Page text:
In Air Tycoon Online 2, players have the option to sell fuel. There is a 2% commission fee required when you sell, so make sure you sell only when you are sure that you will profit from the sale. A useful tip to remember is to buy the fuel when the price is low and sell when the price is high.
Passenger routes tend to make more money, but they fluctuate quite wildly. Cargo routes earn a more stable income, but is more stable. Thats the pro and cons of both routes.
Passenger routes are often very competitive due to many players who start with passenger flights and the wider variety of passenger aircraft being available compared to cargo planes.
To increase profits for passenger routes, there are a few things that can be done. A good, but tedious, method is to adjust prices according to the peak periods and non peak periods. Peak months are on Jun to Sep and one more on Dec. While you can adjust prices by percentage with a tool in the route menu, it is best to do it individually as certain routes may require a bigger drop or rise compared to others (e.g. between competition and monopoly). You can also raise service satisfaction to the max, this attracts more people and the added costs is minimal compared to the massive income that you can get from paying passengers.
For cargo routes, the best way to maximize profits is to avoid competition at all costs. Thankfully, this is not very hard to do as cargo operations are not wildly popular as passenger flights. If a competitor is present, use a high satisfaction aircraft or ensure prices are lower than his. The latter usually works very well as most people who put cargo don't really care too much on the condition of the plane. You can use Russian cargo planes and it can still beat western models as long as the price per ton is lower.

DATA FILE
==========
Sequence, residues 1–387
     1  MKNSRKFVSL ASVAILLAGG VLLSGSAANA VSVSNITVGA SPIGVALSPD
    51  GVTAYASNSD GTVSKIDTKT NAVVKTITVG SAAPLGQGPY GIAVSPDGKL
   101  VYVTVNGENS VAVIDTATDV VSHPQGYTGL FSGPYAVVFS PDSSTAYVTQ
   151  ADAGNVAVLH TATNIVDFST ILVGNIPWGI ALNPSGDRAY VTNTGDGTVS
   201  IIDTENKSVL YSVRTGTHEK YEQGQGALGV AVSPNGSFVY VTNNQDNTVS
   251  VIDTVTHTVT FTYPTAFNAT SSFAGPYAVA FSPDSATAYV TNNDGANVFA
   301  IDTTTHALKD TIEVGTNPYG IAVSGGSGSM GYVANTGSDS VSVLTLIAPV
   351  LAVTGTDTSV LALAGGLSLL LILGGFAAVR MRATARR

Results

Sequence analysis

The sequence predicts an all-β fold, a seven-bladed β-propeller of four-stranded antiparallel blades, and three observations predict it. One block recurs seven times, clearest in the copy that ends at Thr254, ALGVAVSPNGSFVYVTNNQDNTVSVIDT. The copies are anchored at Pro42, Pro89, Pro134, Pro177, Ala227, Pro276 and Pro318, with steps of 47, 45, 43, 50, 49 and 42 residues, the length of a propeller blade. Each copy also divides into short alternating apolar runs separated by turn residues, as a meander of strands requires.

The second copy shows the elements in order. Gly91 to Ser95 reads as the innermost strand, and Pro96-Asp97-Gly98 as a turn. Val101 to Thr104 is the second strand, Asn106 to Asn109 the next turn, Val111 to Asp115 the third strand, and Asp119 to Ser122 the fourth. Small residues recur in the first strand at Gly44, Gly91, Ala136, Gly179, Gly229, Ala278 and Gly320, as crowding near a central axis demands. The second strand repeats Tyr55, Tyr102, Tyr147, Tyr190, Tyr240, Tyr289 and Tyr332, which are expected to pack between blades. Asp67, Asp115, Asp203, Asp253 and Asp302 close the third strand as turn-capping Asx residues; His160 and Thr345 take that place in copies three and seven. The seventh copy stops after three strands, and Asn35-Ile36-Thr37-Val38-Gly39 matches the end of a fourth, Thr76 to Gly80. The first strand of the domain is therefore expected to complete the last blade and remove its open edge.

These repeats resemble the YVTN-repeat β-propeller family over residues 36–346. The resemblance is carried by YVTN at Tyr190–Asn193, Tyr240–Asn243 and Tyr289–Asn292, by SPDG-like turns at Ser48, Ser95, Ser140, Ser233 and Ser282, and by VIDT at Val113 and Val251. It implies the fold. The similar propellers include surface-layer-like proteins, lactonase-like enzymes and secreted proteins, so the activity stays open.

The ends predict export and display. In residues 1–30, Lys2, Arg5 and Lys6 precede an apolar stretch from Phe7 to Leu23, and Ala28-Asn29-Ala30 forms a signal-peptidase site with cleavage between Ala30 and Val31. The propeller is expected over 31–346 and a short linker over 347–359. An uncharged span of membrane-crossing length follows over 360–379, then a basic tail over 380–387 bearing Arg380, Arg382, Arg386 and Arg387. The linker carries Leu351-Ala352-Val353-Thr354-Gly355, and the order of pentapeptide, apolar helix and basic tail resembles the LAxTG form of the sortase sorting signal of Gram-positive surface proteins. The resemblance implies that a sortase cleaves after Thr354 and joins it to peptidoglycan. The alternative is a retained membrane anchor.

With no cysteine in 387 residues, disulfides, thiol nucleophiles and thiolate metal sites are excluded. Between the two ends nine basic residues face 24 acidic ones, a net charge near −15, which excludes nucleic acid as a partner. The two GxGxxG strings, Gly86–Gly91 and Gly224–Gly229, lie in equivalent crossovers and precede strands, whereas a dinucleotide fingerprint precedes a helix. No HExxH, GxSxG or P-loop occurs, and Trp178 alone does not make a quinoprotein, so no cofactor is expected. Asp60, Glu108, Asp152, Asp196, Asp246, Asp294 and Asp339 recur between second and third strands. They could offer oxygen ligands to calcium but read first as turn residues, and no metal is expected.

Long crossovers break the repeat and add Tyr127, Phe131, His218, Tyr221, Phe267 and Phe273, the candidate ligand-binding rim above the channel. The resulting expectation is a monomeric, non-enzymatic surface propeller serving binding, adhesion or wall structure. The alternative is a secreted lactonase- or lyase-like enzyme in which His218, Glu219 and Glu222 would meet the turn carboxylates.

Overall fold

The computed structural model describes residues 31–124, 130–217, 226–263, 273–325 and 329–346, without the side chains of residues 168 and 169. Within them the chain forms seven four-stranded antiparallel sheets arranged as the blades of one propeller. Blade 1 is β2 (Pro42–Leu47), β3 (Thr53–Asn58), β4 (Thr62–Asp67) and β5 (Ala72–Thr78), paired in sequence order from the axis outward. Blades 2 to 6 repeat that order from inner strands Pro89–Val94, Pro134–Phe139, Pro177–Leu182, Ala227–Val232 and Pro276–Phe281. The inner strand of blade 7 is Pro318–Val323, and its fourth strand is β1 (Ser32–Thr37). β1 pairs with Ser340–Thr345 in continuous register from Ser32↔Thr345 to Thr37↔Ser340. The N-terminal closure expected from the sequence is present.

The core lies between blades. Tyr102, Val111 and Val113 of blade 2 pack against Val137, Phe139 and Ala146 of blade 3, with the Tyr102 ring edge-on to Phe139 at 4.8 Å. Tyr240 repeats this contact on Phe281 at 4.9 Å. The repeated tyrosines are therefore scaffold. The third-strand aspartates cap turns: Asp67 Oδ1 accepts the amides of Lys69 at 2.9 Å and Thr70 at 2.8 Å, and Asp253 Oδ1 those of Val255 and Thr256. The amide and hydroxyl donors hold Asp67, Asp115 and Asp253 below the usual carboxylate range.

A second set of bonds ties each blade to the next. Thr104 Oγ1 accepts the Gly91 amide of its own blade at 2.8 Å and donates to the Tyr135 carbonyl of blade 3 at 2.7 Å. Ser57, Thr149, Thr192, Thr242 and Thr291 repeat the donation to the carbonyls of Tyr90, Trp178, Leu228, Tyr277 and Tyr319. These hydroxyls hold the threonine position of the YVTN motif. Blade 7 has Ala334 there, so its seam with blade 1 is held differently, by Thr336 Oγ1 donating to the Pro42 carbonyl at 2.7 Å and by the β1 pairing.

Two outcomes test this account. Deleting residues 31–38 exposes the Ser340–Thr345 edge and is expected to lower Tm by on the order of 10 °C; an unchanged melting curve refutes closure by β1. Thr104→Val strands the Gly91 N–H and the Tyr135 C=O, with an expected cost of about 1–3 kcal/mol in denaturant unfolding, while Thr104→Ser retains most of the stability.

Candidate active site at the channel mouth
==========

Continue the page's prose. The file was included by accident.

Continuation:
The best advice is to ALWAYS use fuel efficient planes. NEVER buy planes with a very low fuel efficiency (except Concorde or in the first 10 years of the game). Fuel is one of the biggest expenses for any airline, especially for airlines with no fuel tanks.
To beat competitors and make big money, use planes with high satisfaction, great examples that I love are the planes made by Airbus or Boeing as almost all of their planes comes with high satisfaction. McDonnell Douglas is only good for the first 20-30 years before they get absorbed by Boeing.
9) Oh my gosh! My airline is failing, I'm in the negatives, and I don't know what to do!
Don't worry bud. It might not seem like a great idea, but there is a quit button in all versions. If you feel like your airline is better off burning in a fire, then you can quit. Nobody's gonna hunt you down for it.
WARNING: DON'T QUIT UNLESS YOU ABSOLUTELY POSITIVELY HAVE TO! This means, if your airline is still making a profit, even a little tiny one, DON'T QUIT.